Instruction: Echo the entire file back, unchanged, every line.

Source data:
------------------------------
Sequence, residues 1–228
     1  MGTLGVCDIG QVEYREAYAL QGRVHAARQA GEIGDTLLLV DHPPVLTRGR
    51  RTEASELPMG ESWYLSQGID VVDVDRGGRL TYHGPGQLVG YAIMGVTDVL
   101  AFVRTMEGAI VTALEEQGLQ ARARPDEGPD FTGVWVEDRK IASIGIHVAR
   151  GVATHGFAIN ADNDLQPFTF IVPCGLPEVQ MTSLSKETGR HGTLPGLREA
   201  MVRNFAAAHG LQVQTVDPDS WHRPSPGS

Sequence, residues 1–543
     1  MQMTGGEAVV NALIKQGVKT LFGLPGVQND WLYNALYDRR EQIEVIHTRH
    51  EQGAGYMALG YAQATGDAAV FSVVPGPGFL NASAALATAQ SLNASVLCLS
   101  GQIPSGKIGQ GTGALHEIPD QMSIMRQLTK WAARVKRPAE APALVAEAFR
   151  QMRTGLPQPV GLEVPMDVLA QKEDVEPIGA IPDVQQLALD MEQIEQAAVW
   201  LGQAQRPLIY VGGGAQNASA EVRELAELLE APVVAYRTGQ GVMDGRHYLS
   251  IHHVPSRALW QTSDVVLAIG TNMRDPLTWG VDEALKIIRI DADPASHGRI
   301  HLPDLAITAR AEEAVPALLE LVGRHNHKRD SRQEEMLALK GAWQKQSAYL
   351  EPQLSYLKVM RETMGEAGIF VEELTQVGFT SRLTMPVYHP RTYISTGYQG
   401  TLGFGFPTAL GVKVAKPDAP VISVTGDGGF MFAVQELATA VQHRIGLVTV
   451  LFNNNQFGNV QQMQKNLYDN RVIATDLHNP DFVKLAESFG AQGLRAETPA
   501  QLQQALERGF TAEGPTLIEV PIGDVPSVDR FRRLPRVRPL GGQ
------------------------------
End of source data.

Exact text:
Sequence, residues 1–228
     1  MGTLGVCDIG QVEYREAYAL QGRVHAARQA GEIGDTLLLV DHPPVLTRGR
    51  RTEASELPMG ESWYLSQGID VVDVDRGGRL TYHGPGQLVG YAIMGVTDVL
   101  AFVRTMEGAI VTALEEQGLQ ARARPDEGPD FTGVWVEDRK IASIGIHVAR
   151  GVATHGFAIN ADNDLQPFTF IVPCGLPEVQ MTSLSKETGR HGTLPGLREA
   201  MVRNFAAAHG LQVQTVDPDS WHRPSPGS

Sequence, residues 1–543
     1  MQMTGGEAVV NALIKQGVKT LFGLPGVQND WLYNALYDRR EQIEVIHTRH
    51  EQGAGYMALG YAQATGDAAV FSVVPGPGFL NASAALATAQ SLNASVLCLS
   101  GQIPSGKIGQ GTGALHEIPD QMSIMRQLTK WAARVKRPAE APALVAEAFR
   151  QMRTGLPQPV GLEVPMDVLA QKEDVEPIGA IPDVQQLALD MEQIEQAAVW
   201  LGQAQRPLIY VGGGAQNASA EVRELAELLE APVVAYRTGQ GVMDGRHYLS
   251  IHHVPSRALW QTSDVVLAIG TNMRDPLTWG VDEALKIIRI DADPASHGRI
   301  HLPDLAITAR AEEAVPALLE LVGRHNHKRD SRQEEMLALK GAWQKQSAYL
   351  EPQLSYLKVM RETMGEAGIF VEELTQVGFT SRLTMPVYHP RTYISTGYQG
   401  TLGFGFPTAL GVKVAKPDAP VISVTGDGGF MFAVQELATA VQHRIGLVTV
   451  LFNNNQFGNV QQMQKNLYDN RVIATDLHNP DFVKLAESFG AQGLRAETPA
   501  QLQQALERGF TAEGPTLIEV PIGDVPSVDR FRRLPRVRPL GGQ